The 23-year-old recipient of an £4,800 NHS-funded breast enlargement is expecting her third son in two months.
Josie Cunningham had a £4,800 breast enlargement operation on the NHS
Revealing she had several glasses of wine and smoked a whole packet of cigarettes that fateful night, Cunningham is now in the grip of a 20-a-day habit, but hopes to receive NHS help to kick it.
She said: “I knew it could harm my child but it didn’t stop me. Deep down I know I wouldn’t be smoking or drinking if I knew I was having a girl.”
Cunningham, who is currently claiming £6,000 a year in tax-payer funded taxi rides because public transport gives her panic attacks, then appeared to compare carrying a son to a having a run-of-the-mill vehicle, as opposed to the “luxury car” experience of expecting a girl.
“If you’ve already got a couple of Fords and you’re told your next car is going to be an Audi, your excitement goes through the roof.
“You make promises to yourself that you won’t smoke inside the car or let people eat takeaway food in it. But if it was another Ford those things wouldn’t be a problem.
“I know some people will find it disgusting that I started drinking and smoking again simply because I’m having another son, but I’m being honest,” she said.
Earlier this year Cunningham announced her intention to have an abortion to increase her chances of appearing on Celebrity Big Brother, but later changed her mind.
And on Sunday she revealed she was mulling two book deals and expects to have a tell-all volume on the shelves by the end of the year.
I have been offered two book deals, I haven't signed either yet but I will next week - both are very appealing.
— Josie Cunningham (@JosieCOnline) June 29, 2014
She tweeted: “I understand why people are judging me in the way they are, all I ask is that before making your conclusive opinion on me, wait for my book to come out at the end of the year.”
Online NHS literature states: “Every cigarette you smoke contains over 4,000 chemicals, so smoking when you are pregnant harms your unborn baby.
“Cigarettes can restrict the essential oxygen supply to your baby, so their heart has to beat harder every time you smoke.”
It states children whose parents smoke are more likely to suffer from asthma and other more serious illnesses that may need hospital treatment.
Understanding what drives you to want or need a cigarette, or knowing what drives your desire to smoke is key to helping you quit. Once you know what they are, you can try and avoid these situations (or at least be prepared for them)
Exercise is the answer to many problems, helping with confidence issues, fitness levels, as well as, happiness. Being active will help you quit the dreaded habit, since it will not only make you feel great, but it will also help you to take your mind of any cravings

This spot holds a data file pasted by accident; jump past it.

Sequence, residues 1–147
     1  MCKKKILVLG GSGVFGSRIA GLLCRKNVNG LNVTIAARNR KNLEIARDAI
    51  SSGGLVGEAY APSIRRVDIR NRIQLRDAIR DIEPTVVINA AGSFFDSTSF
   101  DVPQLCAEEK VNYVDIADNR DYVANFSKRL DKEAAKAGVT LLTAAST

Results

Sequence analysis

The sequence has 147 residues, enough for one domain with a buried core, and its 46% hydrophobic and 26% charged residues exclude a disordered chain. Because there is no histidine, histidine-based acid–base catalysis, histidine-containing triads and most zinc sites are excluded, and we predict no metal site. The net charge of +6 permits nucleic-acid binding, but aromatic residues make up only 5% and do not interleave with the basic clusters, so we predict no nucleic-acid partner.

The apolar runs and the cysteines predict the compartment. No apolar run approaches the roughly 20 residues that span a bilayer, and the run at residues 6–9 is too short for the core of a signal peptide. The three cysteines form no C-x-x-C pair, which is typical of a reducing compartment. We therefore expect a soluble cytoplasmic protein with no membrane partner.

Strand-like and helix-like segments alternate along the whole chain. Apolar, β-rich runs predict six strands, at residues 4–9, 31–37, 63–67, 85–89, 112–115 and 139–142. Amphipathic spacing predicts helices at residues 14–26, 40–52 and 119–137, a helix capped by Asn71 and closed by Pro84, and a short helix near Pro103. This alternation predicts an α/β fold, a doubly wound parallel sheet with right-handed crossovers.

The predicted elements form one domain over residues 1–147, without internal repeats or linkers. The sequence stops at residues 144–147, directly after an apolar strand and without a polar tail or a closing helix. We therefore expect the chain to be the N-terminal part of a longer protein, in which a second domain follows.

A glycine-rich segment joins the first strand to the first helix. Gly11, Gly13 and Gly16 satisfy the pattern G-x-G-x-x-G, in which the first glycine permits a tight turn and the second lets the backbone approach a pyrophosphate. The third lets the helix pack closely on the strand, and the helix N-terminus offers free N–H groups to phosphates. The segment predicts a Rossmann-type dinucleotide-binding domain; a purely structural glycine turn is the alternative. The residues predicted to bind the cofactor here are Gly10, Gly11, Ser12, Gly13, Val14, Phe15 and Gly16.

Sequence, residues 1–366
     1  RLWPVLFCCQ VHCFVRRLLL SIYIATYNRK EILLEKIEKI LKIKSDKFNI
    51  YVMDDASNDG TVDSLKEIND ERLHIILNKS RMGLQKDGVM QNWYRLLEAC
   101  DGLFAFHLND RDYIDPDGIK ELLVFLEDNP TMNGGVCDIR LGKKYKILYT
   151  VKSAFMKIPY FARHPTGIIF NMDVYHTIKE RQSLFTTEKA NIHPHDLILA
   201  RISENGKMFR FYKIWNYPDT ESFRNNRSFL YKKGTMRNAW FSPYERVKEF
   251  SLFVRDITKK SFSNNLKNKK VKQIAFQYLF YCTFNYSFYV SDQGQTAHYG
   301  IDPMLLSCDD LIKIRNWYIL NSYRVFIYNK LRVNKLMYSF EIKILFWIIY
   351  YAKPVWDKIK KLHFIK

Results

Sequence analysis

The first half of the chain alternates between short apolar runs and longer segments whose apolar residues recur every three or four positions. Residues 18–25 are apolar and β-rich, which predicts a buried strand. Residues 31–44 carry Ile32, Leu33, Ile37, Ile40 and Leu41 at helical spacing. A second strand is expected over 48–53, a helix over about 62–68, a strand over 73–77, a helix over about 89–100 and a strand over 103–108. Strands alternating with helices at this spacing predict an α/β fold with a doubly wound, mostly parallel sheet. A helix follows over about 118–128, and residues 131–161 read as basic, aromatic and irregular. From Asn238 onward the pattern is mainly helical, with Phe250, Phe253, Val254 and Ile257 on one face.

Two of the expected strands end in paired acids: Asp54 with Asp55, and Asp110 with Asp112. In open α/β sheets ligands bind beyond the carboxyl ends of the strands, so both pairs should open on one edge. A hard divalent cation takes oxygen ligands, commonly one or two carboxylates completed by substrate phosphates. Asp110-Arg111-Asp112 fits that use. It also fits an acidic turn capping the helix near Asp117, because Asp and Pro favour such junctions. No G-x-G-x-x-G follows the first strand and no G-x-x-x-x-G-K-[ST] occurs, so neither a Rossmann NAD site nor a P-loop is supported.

Making an effort to de-stress and calm your mind is key to being able to cut the cravings. Many people smoke to help relieve their stress, but if you can de-stress without cigarettes then you will be on the slow and steady pathway to successfully quitting the habit. You will eventually realise, that mentally, you don’t need a cigarette
It is really important to speak up when you are having a bad day, and are struggling to stay off cigarettes. Often talking things through will help you understand how you are feeling, and what it is that is driving you need or want a cigarette. Once you know what’s behind your cravings, you can go about making changes without the need for a cigarette. This will also help you, mentally and physically, realise that you don’t really need it
People often use alternative nicotine products to help cut the cravings. They come in a range of products, from gum and patches, through to inhalers and sweets. You can also use e-cigarettes such as Socialites which allow you to vape without the 4,000 harmful chemicals or 60 known carcinogens found in traditional cigarettes. While not a quitting aid, they are a much healthier alternative to smoking and have a higher success rate as users still get to experience the hand-to-mouth action associated with smoking traditional cigarettes
It’s really important when trying to quit that you have a support network around you, so that you don’t feel alone. It’s often good to club together and quit with friends or family members who smoke, as together you can be successful and reach your goal
With the money you have saved from reducing the amount you smoke (or if you have managed to quit all together), it’s a good idea to treat or reward yourself with something nice as an incentive to stay off cigarettes in the future
Many people often try the replacement technique, replacing cigarettes for something else; often food. This is a good idea, so long as the smoking habit is being replaced with something healthy or productive, such as learning a new skill
Often making a list of reasons of why you want to quit and putting them up in different areas of your flat or house is a good way to keep you on track and ultimately off the cigarettes. It acts as a reminder of why you are quitting and importantly reminds you of your overall goal
It’s often a good idea to tell co-workers, and other people around you, that you are planning to quit smoking so they can help encourage you and spur you on. If they see that you are flagging they will be able to get you back on track
It adds: “The sooner you stop smoking, the better. But even if you stop in the last few weeks of your pregnancy, this will benefit you and your baby.”
It also cautions that drinking more than six units a day can cause a serious condition called foetal alcohol syndrome.
The wannabe glamour model appears to have been courting the public's wrath since her breast enlargement last year, having subsequently gleefully revealed she's received £1,500 of Botox injections to treat excessive sweating and £2,500 of dental treatment – also funded by NHS.